(RNS) — Have progressives gained the upper hand in religious debates over homosexuality?
A spate of recent events suggests that LGBT-affirming voices within religious communities are more emboldened and confident than ever.
U.S. Sen. Orrin Hatch, a Utah Republican, recently met with activists from the LGBT-affirming organization Faith in America.
In the meeting, America’s top Mormon legislator was asked if he thought being gay was a sin.
His response: “No, I don’t. How could anything that God gives you be a sin — especially something you are born with? Mormons believe in a pre-mortal existence, so if you tell gay kids they are sinners, you are saying that God made someone a sinner before they were born and that is just not right.”
Even aside from the profound theological debates about sexual ethics and original sin that arise from Sen. Hatch’s remarks, the optics of the episode are stunning.
Faith in America has succeeded at engaging conservative religious people in dialogues about how lesbian, gay and bisexual teens who are rejected by their families are eight times likelier than their straight peers to attempt suicide.
No one wants homosexual and bisexual youth to experience anguish, let alone take their own lives. So this is a natural point of agreement between progressives and traditionalists.
But the framing of high-profile meetings like this show that LGBT-affirming religionists may be gaining the upper hand.
With most nationally elected Democrats resolutely committed to not just tolerating, but celebrating, sexual diversity, the pressure is on Republican officials to clarify the extent of their hesitation to get on “the right side of history.”
In softening his stance, Hatch, the 83-year-old conservative stalwart, essentially holds the same view as the family values party’s leader, President Donald Trump: Sexual minorities deserve affirmation and protection, but the religious freedom of laggards who still believe that homosexual expression and transgender identity are vile sins should never be infringed.
Younger Republicans face even more pressure to get with the times.
Two decades ago, it was a major achievement for LGBT-affirming Christians to make inroads even in mainline denominations. Today, they are touting their shared values with Republican politicians.
Note, however, how differently Hatch and Faith in American portrayed the meeting.
Hatch’s staffers framed the meeting through the lens of teen suicide prevention, “a complex problem with no simple, immediate answer.” They touted his bipartisan legislation to increase access to help for people experiencing suicidal thoughts.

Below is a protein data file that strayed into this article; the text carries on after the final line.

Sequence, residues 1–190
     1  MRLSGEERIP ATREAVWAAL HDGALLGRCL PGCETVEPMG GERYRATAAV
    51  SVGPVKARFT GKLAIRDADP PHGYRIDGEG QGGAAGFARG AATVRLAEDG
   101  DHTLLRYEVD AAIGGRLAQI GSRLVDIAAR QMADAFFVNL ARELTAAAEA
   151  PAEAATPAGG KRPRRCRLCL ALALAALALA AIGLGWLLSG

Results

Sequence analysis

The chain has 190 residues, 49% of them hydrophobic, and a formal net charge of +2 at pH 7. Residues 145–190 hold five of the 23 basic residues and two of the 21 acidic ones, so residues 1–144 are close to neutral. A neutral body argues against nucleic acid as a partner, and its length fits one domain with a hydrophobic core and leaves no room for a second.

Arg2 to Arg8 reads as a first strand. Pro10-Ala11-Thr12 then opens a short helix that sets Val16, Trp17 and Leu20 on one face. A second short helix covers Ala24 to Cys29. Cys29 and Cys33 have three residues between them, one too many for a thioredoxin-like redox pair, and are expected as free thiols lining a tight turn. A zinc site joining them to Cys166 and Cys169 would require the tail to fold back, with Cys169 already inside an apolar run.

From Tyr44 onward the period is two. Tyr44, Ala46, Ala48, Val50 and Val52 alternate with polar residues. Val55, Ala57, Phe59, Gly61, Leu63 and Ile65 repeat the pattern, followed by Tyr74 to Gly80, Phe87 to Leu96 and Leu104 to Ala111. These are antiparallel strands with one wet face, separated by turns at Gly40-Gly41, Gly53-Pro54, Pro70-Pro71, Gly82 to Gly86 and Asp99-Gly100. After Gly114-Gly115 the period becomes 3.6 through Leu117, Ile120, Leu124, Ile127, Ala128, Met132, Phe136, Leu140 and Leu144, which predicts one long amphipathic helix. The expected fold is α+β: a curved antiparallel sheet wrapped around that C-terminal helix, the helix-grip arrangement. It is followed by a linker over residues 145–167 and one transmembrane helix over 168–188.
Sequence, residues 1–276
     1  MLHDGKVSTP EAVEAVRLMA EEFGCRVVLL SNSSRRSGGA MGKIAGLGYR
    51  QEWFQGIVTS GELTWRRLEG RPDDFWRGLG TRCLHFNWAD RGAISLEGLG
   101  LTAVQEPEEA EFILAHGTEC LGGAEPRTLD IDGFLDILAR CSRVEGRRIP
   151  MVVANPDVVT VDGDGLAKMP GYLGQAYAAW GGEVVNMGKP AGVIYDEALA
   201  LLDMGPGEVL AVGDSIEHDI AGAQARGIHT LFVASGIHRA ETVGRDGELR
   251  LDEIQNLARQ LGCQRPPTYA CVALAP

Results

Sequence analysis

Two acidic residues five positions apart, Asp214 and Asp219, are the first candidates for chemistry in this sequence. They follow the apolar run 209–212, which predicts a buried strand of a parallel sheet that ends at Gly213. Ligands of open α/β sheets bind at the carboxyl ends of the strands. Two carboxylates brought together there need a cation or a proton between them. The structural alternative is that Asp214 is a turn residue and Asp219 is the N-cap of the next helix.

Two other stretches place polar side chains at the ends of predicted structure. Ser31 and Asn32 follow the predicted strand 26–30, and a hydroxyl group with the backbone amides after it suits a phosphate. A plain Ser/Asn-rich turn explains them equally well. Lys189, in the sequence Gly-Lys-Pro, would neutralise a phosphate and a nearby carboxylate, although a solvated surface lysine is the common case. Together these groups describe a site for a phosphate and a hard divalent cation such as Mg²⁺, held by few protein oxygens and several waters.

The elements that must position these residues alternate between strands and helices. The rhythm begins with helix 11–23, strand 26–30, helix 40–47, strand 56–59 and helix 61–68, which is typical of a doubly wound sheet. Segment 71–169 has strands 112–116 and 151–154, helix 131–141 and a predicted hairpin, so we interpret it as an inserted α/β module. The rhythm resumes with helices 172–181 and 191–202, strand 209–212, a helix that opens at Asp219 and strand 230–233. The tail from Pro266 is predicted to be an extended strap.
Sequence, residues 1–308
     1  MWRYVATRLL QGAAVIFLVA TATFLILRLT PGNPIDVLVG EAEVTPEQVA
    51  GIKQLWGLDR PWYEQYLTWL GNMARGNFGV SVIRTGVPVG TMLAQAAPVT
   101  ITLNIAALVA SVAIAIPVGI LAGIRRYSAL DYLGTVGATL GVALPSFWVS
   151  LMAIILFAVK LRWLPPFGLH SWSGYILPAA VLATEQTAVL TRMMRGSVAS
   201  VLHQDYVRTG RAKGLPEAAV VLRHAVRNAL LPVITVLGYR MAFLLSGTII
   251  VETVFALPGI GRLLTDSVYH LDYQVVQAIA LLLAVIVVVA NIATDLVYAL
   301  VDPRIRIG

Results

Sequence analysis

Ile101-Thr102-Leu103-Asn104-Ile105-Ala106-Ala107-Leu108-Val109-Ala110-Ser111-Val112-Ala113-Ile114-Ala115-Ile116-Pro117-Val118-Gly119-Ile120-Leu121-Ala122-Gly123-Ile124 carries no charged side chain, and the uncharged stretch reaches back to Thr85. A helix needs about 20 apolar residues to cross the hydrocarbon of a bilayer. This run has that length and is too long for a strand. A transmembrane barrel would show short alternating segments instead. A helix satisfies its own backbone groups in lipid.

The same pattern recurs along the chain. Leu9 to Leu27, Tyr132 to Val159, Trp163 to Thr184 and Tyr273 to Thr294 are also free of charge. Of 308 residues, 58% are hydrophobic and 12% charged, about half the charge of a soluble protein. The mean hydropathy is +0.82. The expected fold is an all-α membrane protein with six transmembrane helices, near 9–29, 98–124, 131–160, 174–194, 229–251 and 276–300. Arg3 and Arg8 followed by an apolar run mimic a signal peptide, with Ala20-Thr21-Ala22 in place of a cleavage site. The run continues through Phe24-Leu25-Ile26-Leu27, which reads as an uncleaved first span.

Faith in America highlighted Hatch’s affirming-sounding language, but went much further. The group’s founder, North Carolina furniture magnate Mitchell Gold, said of the Church of Jesus Christ of Latter-day Saints: “We need them to change their outdated teachings regarding homosexuality.”
Gold added, “As the LDS church has progressed in terms of polygamy, those who are the most vulnerable among us need the church to progress on homosexuality.”
This episode dovetails with other signs that LGBT-affirming faith voices are indeed progressing.
The Rev. James Martin, a popular Jesuit priest and author, has given hope and courage to LGBT-affirming Catholics with his controversial new book, “Building a Bridge.” Though Martin affirms church teaching, his ministry has irked traditionalists and given considerable succor to gay Catholics and their families.
In another bold development, a new organization called Church Clarity has launched a website that scores the clarity of churches’ positions and rates congregations as either “affirming” or “non-affirming.”
A decade ago, we might have expected such an initiative from conservatives seeking to “out,” shame, or shun LGBT-affirming churches. But Church Clarity apparently hopes to capitalize on social pressure and expectation that churches will be affirming.
Yet there are reasons to believe the tide is not turning very quickly.
One interpretation of modern church history is that liberalization on sex issues leads to decline. The causes of religious decline are debatable, of course, but we simply cannot predict with confidence that LGBT-affirming clergy and worshippers today are the prophets of a more sexually inclusive religious future.
I see more position-taking, but I notice fewer and fewer actual arguments. People on both sides generally agree that clarity is a good thing — public religious figures should not be ambiguous about such vital questions.
But everyone involved has a duty to offer much more robust theological reflection. Conservatives should get serious and specific about how they propose helping at-risk LGBT youth. And progressives should say exactly what beliefs need to be discarded and how this impacts the rest of their theology.
From my vantage point as a commentator, religious conflicts over human sexuality look circular, not linear. Anyone hoping for quick resolutions to intractable debates will be disappointed.
These questions arouse passion for a reason. I would like to see more dialogue and reflection, and fewer press releases and marketing campaigns. Real human lives hang in the balance, and their souls deserve spiritual care. That’s something we can all affirm.
(Jacob Lupfer is a contributing editor at RNS and a visiting professor at American University. The views expressed in this opinion piece do not necessarily reflect those of Religion News Service.)